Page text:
There’s a similar trend in Ireland, where agriculture represented 38.4% of total emissions in 2022. Internal documents released under a Freedom of Information request reveal that the government is keen to adopt GWP* amid concerns that it “might not achieve its 51% emissions reduction target due to high levels of biogenic methane”. The nation will need to reduce herd numbers to meet its climate commitments, and has been advocating for GWP* at the international level, including during discussions on the adoption of the Global Methane Pledge.

In the US, meanwhile, the National Cattlemen’s Beef Association – a trade group representing cattle farmers and meat companies like Tyson and McDonald’s – has used GWP* to argue that American cattle “may not be contributing much at all to global warming”. It adds that it’s working with the International Beef Alliance – made up primarily of meat trade associations from North America, Latin America and Australasia – “to ensure that everybody is working towards adoption of GWP*”.

In the UK, the National Farmers Union and the British Meat Producers Association have also lobbied the UK Committee on Climate Change about the metric. And on a more global level, the IPCC has discussed different approaches to measure climate impacts in its series of climate reports. The body notes that “all GHG emission metrics have limitations and uncertainties, given that they simplify the complexity of the physical climate system and its response to past and future GHG emissions”.

Urbacic explains that Myles Allen, the lead researcher behind GWP*, is an IPCC contributing scientist and co-authored a box on “measuring progress to net-zero emissions combining long-lived and short-lived climate forcers” in an IPCC special report on global warming. This box includes a graph comparing the CO2e emissions values under various metrics of two methane emissions trajectories, and the global mean air surface temperature impact associated with those emissions in the IPCC climate modelling.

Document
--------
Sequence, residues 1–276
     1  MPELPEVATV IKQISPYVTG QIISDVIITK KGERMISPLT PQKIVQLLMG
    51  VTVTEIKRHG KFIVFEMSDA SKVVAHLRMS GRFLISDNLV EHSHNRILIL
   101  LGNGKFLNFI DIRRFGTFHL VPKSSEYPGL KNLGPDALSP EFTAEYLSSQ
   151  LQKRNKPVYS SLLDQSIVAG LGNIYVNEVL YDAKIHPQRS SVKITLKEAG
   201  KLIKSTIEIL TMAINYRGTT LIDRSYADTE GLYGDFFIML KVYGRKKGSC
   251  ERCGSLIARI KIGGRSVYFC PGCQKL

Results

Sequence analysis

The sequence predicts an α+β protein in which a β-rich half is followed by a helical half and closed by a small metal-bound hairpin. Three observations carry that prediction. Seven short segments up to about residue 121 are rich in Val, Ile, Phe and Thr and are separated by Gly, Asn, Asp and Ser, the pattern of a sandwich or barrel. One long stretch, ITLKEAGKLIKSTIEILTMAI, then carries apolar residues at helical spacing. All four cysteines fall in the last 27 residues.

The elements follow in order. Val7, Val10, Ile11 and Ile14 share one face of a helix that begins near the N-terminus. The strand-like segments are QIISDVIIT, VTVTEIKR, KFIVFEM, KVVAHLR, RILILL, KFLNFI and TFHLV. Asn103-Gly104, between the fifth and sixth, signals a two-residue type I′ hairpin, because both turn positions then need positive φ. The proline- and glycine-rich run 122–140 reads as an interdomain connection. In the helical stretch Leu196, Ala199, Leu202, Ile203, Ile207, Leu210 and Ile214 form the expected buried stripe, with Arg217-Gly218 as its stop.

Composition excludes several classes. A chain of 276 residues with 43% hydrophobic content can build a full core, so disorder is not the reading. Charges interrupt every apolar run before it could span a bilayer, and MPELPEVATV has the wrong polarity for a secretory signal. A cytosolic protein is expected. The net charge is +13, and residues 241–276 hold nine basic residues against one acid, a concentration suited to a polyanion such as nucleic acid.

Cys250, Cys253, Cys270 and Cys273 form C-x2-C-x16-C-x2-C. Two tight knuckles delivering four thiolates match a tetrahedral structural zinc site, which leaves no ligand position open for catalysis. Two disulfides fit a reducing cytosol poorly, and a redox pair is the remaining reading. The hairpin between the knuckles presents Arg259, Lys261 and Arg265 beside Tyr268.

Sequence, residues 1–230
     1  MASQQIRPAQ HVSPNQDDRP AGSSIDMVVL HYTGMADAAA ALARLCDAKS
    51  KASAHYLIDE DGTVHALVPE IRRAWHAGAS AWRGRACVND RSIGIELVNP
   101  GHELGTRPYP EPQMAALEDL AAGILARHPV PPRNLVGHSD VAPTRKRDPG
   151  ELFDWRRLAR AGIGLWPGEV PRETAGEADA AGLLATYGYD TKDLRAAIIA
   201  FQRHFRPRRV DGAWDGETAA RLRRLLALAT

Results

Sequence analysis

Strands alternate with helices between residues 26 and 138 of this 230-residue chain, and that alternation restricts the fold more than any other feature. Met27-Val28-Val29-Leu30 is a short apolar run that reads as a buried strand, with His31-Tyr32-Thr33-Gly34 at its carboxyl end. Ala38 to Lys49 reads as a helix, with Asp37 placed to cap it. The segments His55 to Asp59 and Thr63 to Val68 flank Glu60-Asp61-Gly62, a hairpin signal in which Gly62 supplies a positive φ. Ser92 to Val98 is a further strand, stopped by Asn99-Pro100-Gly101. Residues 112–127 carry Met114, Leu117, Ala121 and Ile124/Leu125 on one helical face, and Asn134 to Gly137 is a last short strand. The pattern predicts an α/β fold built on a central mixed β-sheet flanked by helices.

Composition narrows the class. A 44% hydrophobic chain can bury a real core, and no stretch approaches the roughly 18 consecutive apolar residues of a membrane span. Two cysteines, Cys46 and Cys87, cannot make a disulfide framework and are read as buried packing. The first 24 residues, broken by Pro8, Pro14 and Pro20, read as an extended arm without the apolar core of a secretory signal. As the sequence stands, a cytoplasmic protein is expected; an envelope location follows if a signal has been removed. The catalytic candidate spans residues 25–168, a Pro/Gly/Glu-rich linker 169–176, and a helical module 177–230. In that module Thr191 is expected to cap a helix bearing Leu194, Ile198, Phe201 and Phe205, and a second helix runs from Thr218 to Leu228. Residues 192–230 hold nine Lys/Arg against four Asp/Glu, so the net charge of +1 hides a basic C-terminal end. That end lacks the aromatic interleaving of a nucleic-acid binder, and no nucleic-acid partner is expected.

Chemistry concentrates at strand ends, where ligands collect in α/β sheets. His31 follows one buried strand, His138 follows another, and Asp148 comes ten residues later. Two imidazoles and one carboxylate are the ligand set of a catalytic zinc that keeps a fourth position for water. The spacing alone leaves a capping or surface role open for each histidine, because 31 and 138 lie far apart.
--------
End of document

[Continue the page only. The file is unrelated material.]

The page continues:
The Changing Markets Foundation report outlined how 16 agricultural organisations from the UK and New Zealand have called on the IPCC to consider using GWP* to measure non-carbon dioxide greenhouse gas emissions. But Urbancic explains that it’s not IPCC that would recommend a change in the metric: “This would have to done by the UNFCCC. However, the stance that IPCC takes on this is, of course, important.”

Equity, greenwashing and policy action

tyson climate smart beef
Courtesy: Tyson Foods

The other major problem with GWP* is equity. Because the tool measures the rate of change in emissions, countries that increase livestock herds from a low base – often those in the Global South– would be seen as bigger pollutants than major emitters that have large but stable herds. Additionally, companies with high but stable methane emissions could claim to be climate-neutral or -negative based on minor reductions.